3 11, 2012

New Super Predator Emerges out of the Kem Kem Formation

By | November 3rd, 2012|Dinosaur and Prehistoric Animal News Stories|2 Comments

Sauroniops pachytholus – Palaeontologists turn to Tolkien to Name a New Dinosaur

A new super-sized meat-eating dinosaur has been named by a team of scientists after the evil Eye of Sauron from the Lord of the Rings books written by J.R. R. Tolkien.  The inspiration for naming a new genus of organism can come from many things, but since this new predatory dinosaur is only known from a fragment of skull bone that was positioned directly above the eye socket (orbit) the name Sauroniops pachytholus seems entirely appropriate.  The name means “thick domed eye of Sauron”, in reference to the bump and thickened portion of the skull fragment studied.

The Fossilised Element from the Skull

Views of the portion of the skull accompanied by scientific illustrations.

Picture Credit: Andrea Cau

The Kem Kem Formation of Morocco and Algeria represents a series of strata laid down in the Cretaceous (Albian to Cenomanian faunal stages), approximately 95 to 100 million years ago.  The majority of the deposits represent an inter-tidal, estuarine environment, with wide lagoons, and broad, flat flood plains crossed by many rivers further inland.  The environment supported and extensive and diverse flora and fauna, so rich in fact that this area probably supported the largest number of apex predators in any known Mesozoic habitat.  A number of meat-eating dinosaurs have been associated with the Kem Kem Formation, most named from fragmentary fossil material just like Sauroniops.  The list of predators reads like a “who’s who” of Theropod dinosaurs – Carcharodontosaurus, Deltadromeus, Spinosaurus, Rugops and now the 13 metre long Sauroniops joins their ranks.

Sauroniops Illustrated (Feeding on a Young Spinosaurus)

Sauroniops feeds on a Spinosaurus (background), whilst a pair of Spinosaurs flee the scene.

Picture Credit: Emiliano Troco

Palaeontologists had long suspected that there were other Theropod dinosaurs awaiting discovery from the sedimentary rocks of this region.  The strata from south-west Morocco for example, had yielded a large number of fossilised Theropod teeth, these had yet to be assigned to any particular genus.  One of the problems with the strata in this part of the world is that the fossils found within them are extremely fragmentary in nature.  The action of river water and the tides has jumbled up and dis-articulated any fossil bones and teeth that have survived, the fossiliferous deposits have been described by palaeontologists as if all the fossils had been put into a blender, the blender turned on and the resulting mix re-deposited.

Fragments of Fossil Material Typical of the Kem Kem Formation

Typical Fossils from the Kem Kem Formation.

Picture Credit: Everything Dinosaur

The Skull Fragment Superimposed on a Carcharodontid Skull with Human Skull for Comparison

Sauroniops compared to a human skull.

Picture Credit: Andrea Cau

The age of the fossil bearing rocks of south-eastern Morocco is disputed, in the case of this new dinosaur genus, the exact age of the fossils appertaining to Sauroniops is further complicated as it is difficult to pinpoint exactly where this fossil material was found.  A private collector purchased the fossil bone from a local fossil trader in Morocco, the trader stated that the fossil was purchased himself from local fossil hunters near to the small village of Taouz, which itself is located in a mountainous region close to the border with Algeria.  The private collector later donated this specimen to a Museum located at Montevarchi in central Italy (Tuscany).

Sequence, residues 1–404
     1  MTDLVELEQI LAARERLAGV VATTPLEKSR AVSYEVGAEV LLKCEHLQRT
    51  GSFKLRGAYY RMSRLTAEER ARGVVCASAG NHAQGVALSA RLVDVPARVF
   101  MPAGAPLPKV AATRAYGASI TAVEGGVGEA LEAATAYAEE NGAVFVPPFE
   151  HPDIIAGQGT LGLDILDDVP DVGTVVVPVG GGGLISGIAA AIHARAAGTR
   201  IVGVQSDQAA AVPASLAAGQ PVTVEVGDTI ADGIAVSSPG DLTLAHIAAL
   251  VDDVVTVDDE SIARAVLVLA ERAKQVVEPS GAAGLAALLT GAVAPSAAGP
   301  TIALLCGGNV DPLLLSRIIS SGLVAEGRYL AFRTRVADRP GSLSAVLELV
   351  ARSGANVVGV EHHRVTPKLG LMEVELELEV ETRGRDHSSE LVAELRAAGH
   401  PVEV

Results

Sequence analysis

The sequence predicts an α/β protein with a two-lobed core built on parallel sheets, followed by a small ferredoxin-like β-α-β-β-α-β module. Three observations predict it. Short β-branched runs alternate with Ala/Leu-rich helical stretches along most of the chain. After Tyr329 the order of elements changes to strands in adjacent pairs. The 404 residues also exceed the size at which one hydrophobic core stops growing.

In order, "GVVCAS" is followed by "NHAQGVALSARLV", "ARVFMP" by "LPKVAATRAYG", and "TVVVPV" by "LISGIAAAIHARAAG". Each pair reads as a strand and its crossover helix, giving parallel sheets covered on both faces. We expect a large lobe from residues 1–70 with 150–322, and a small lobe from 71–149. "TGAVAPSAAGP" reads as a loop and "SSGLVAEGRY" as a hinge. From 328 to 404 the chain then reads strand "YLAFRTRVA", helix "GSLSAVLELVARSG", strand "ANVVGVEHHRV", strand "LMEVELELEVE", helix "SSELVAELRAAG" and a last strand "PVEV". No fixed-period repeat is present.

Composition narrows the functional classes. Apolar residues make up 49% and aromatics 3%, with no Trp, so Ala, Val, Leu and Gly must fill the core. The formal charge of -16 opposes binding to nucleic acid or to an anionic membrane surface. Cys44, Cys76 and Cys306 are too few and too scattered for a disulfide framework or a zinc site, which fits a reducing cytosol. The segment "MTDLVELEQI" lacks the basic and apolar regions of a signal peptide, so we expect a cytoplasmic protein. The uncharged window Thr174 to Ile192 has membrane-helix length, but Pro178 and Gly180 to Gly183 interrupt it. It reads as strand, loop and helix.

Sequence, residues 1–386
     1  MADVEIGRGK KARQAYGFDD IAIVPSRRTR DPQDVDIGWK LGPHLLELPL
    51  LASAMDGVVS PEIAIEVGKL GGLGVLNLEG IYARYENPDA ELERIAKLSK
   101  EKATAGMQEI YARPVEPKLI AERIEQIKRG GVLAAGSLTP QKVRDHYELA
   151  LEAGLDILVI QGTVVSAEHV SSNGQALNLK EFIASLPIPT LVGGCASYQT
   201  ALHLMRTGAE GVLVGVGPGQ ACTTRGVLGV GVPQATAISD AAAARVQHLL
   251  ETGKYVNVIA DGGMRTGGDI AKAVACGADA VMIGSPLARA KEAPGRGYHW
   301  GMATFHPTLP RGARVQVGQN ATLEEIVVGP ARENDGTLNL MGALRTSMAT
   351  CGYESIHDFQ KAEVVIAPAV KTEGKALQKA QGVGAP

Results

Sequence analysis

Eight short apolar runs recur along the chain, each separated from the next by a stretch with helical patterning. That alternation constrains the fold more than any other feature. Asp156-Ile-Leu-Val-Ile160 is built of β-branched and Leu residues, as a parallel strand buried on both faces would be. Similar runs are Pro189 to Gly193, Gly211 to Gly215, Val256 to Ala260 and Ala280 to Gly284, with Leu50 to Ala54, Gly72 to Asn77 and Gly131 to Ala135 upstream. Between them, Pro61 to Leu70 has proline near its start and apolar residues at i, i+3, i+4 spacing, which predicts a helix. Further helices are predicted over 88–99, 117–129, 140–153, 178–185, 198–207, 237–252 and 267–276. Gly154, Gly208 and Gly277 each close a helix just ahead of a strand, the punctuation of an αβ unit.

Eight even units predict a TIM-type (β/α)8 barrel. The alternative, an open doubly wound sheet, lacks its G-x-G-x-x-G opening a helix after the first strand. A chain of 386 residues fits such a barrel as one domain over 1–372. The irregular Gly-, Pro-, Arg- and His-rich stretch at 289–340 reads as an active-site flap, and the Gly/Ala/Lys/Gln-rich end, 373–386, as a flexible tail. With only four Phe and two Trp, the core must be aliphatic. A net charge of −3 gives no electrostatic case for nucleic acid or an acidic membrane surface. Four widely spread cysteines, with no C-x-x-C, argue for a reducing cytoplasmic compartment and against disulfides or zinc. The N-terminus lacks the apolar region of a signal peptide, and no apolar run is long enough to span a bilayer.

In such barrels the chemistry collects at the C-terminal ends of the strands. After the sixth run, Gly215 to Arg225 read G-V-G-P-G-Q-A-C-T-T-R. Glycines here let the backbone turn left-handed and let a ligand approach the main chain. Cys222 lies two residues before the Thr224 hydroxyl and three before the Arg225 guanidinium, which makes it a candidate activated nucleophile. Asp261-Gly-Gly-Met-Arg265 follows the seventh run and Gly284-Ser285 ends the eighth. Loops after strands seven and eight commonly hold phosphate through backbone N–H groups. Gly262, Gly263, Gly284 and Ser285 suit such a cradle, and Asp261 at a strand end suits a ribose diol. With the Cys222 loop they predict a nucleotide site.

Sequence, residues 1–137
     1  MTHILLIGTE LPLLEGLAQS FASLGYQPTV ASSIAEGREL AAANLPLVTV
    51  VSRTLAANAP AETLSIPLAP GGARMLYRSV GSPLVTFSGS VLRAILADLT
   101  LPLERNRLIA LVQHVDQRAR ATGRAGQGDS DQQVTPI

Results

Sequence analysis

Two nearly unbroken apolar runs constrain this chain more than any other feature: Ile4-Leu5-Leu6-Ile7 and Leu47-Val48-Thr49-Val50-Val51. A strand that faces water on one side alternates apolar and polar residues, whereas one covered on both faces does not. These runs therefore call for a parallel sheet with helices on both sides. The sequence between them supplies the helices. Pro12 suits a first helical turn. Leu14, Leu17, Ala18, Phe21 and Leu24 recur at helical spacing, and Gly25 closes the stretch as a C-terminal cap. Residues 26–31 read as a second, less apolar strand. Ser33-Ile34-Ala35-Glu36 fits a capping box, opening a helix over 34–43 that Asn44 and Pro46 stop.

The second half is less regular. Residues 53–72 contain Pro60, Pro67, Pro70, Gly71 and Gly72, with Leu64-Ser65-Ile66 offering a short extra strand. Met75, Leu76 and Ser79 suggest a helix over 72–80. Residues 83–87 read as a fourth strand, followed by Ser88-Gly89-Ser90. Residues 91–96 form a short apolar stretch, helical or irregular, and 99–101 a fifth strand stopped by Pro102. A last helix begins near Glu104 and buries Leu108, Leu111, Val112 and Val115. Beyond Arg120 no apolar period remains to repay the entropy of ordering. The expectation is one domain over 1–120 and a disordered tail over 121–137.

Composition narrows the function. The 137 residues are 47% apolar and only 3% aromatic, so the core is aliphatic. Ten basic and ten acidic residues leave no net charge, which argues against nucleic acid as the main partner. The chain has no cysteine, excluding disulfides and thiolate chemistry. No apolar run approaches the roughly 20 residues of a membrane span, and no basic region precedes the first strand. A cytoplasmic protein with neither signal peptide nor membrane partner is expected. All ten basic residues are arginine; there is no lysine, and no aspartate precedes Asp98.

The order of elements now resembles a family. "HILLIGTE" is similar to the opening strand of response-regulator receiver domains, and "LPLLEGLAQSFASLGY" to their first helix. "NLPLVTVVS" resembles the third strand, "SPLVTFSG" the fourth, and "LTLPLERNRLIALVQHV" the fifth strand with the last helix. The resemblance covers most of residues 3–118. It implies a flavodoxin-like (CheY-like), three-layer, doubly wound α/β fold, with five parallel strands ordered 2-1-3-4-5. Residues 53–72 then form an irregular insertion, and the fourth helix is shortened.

With just an isolated fragment of skull material measuring 18.5 centimetres in length to work with, a team of Italian scientists compared the shape and structure of this part of the skull (left frontal bone) with those of other meat-eating dinosaurs known from the Kem Kem Formation and concluded that this fragment (assigned the identification code of MPM 2594) was indeed attributable to a new type of carnivorous dinosaur.  An academic paper has just been published in the scientific journal Acta Palaeontologica Polonica, some five years after the fossil was acquired by the private collector.

Based on comparisons with the skulls of other Theropods, the palaeontologists have estimated that Sauroniops may have been up to thirteen metres in length, establishing “the eye of Sauron” as one of the apex predators known from this part of the world.  One of the lead authors of the scientific paper, Andrea Cau commented that with the frontal bone to study, the only part of this dinosaur known, it seemed appropriate to name the fearsome creature after the evil eye of Sauron from the J. R. R. Tolkien novels.

Given the paucity of the fossil material, it is extremely difficult to assign any further characteristics to this new dinosaur species, however, S. pachytholus has been tentatively assigned to the Carcharodontosauridae and placed close to Eocarcharia, which itself has been described from a maxilla and a parietal bone (skull bones found in the Sahara).

Phylogenetic Assessment of S. pachytholus

Assigning a place for S. pachytholus in the Theropod family tree.

Diagram Credit: Andrea Cau

The orange arrow in the cladogram indicates the potential position of S. pachytholus amongst the Carcharodontids.

The bump and raised portion of the skull has been seen in other Carcharodontids as well as Abelisaurids.  The scientists have speculated that these animals had crests over their eyes which indicated that they were mature, breeding adults.  These bumps and crests may have been brightly coloured and acted as signalling devices in non-verbal communication between members of the same species.  It has even been suggested that these thickened portions of the skull evolved as a result of intra-specific competition.  Animals of the same species competing with each other to win mates, social status, fight over the carcases of other dinosaurs and so on.  Perhaps the Carcharodontids and their relatives were “head bumpers”.